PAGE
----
The Gulf of the Farallones National Marine Sanctuary has recently posted a draft environmental assessment to analyze the impacts of issuing a permit to Dr. Michael Domeier of the Marine Conservation Science Institute, which would allow the tagging of 11 additional great white sharks (3 males, and 8 females) within the marine sanctuary, using the catch and release method that has been featured on National Georgraphic’s Expedition Great White.
Dr. Domeier was issued a 1-year permit in September of 2009. During the 2009 white shark season, he and his team used the catch and release method to tag 2 male white sharks at the Farallones. However, a bit of controversy stirred up when one the tagged sharks was hooked in the esophagus, and the circle hook had to be cut and left in the shark. According to the draft environmental assessment, “the public and members of the other research teams studying white sharks in the region were concerned that the shark had died and that the tagging was being conducted primarily for a National Geographic television program.”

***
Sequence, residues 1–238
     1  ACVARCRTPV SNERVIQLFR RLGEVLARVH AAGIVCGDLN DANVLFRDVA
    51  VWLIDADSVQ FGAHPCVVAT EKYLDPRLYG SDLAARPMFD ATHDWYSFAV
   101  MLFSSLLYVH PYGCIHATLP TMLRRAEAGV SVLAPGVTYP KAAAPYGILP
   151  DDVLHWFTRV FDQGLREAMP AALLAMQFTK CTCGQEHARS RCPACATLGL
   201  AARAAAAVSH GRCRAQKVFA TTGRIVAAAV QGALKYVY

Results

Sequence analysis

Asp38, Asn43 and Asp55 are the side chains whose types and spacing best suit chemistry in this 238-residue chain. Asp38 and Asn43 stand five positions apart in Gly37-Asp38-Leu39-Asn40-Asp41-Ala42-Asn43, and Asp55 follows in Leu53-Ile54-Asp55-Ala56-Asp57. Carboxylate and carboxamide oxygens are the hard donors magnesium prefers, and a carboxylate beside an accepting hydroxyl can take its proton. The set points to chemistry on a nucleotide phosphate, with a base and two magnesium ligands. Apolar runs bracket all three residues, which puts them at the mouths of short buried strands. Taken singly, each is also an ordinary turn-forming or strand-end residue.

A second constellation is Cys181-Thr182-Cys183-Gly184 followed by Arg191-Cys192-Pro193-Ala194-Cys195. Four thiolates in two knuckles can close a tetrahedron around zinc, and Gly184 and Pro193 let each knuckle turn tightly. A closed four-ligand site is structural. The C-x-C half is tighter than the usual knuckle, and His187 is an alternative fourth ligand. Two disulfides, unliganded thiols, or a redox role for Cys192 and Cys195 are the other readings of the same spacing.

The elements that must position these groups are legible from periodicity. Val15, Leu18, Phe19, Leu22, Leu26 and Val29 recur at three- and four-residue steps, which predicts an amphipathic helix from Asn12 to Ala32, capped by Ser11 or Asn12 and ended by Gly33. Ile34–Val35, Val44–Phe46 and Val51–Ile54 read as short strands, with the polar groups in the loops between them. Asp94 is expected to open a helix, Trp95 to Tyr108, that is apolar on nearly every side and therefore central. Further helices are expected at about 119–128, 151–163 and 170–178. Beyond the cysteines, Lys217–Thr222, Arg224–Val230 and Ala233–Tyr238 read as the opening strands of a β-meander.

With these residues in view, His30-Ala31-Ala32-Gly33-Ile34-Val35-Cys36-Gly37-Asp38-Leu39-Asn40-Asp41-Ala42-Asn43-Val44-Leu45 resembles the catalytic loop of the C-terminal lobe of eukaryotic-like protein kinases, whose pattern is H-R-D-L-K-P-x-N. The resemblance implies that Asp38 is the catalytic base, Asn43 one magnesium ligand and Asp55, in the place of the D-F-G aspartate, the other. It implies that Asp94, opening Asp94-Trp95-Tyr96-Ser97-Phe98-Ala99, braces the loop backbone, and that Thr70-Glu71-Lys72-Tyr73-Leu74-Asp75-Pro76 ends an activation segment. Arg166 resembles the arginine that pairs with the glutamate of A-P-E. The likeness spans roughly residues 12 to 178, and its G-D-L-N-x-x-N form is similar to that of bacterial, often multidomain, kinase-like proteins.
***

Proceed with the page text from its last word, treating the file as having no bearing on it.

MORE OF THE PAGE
It should be noted that the hooked shark made its normal migration pattern after the incident, according to data supplied from the tag, and that the tag was still reporting normal data 8 months after it was hooked. (see Southern Fried Science’s interview with Dr. Domeier)
Supporters of Dr. Domeier’s SPOT tagging methods argue that this research provides invaluable data, which cannot be gathered using other methods, and that the data could be beneficial to the species. Those who oppose these tagging methods argue that the potential gains simply do not outweigh the risks.
Regardless of which side of the fence you might be on, if you have genuine interest in this topic and are willing to read the environmental assessment draft, the GFMNS is open to your comments. Comments should be submitted to Carliane.Johnson@noaa.gov until October 12, 2010.